Medical News
March 28, 1964

Effects of Cold Air, Smoking on Cardiac Function Studied With Apex Cardiogram

JAMA. 1964;187(13):29-30. doi:10.1001/jama.1964.03060260077042

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Chest wall vibrations, subaudible to the ear but electronically recordable, may provide clinicians with a greater understanding of internal cardiac function. These vibrations, set in motion by cardiac contraction, are being recorded on an instrument called the apex cardiogram by E. Grey Dimond, MD, and Alberto Benchimol, MD, of the Institute for Cardio Pulmonary Diseases at the Scripps Clinic and Research Foundation in La Jolla, Calif.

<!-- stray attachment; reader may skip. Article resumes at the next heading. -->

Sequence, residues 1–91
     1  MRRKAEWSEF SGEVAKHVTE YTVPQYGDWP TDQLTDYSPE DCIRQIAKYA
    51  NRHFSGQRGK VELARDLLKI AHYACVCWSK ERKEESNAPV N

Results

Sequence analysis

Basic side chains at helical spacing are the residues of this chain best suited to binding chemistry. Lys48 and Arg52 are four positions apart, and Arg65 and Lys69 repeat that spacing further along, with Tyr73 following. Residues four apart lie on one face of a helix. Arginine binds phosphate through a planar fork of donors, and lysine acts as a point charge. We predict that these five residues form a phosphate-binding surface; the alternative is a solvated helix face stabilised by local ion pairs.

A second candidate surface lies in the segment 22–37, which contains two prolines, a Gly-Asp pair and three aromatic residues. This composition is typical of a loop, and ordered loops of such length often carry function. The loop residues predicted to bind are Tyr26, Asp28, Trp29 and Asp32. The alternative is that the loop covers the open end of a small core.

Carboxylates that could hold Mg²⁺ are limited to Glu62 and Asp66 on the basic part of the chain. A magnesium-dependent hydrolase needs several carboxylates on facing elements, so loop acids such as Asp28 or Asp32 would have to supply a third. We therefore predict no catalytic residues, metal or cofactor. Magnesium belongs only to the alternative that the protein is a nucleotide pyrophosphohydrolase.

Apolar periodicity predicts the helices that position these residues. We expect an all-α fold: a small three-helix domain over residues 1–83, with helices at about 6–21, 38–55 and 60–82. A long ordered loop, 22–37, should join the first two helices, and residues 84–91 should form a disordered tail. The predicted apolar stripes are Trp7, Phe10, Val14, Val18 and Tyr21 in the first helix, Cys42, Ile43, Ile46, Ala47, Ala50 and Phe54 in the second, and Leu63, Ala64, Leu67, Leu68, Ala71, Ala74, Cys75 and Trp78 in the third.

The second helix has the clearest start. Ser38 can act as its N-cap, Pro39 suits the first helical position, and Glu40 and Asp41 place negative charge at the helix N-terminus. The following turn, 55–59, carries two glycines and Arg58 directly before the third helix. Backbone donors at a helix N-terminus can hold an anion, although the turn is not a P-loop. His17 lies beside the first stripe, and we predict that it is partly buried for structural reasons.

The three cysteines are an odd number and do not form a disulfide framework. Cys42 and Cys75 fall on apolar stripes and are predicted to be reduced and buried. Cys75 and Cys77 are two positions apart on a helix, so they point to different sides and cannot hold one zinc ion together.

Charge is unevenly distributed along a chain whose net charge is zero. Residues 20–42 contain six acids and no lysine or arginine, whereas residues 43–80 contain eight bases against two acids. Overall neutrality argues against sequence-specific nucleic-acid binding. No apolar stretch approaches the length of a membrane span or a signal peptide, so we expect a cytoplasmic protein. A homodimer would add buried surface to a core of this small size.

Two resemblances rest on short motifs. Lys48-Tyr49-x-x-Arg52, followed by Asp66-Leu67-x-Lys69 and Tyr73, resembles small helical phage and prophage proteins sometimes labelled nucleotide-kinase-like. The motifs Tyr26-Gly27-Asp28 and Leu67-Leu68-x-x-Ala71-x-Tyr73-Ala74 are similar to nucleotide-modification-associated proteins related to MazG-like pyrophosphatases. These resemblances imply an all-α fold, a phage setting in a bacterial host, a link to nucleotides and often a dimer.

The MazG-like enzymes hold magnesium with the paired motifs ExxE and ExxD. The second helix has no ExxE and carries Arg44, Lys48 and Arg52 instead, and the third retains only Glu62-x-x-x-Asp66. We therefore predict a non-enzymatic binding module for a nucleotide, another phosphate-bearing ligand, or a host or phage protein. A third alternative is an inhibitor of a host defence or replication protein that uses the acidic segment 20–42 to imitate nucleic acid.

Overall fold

"We are using a very crude instrument," Dimond told The Journal, "and we are looking forward to its refinement and hope it becomes a useful diagnostic and therapeutic aid."

Since 1957, Dimond and Benchimol have been recording the movements of the chest wall overlying the left and right ventricles and designating these tracings as the apex cardiogram (ACG). "Others have measured the speed of the movement of these vibrations (vibrocardiogram) and the energy of the movement (kinetocardiogram ). We have all been interested in these subaudible,

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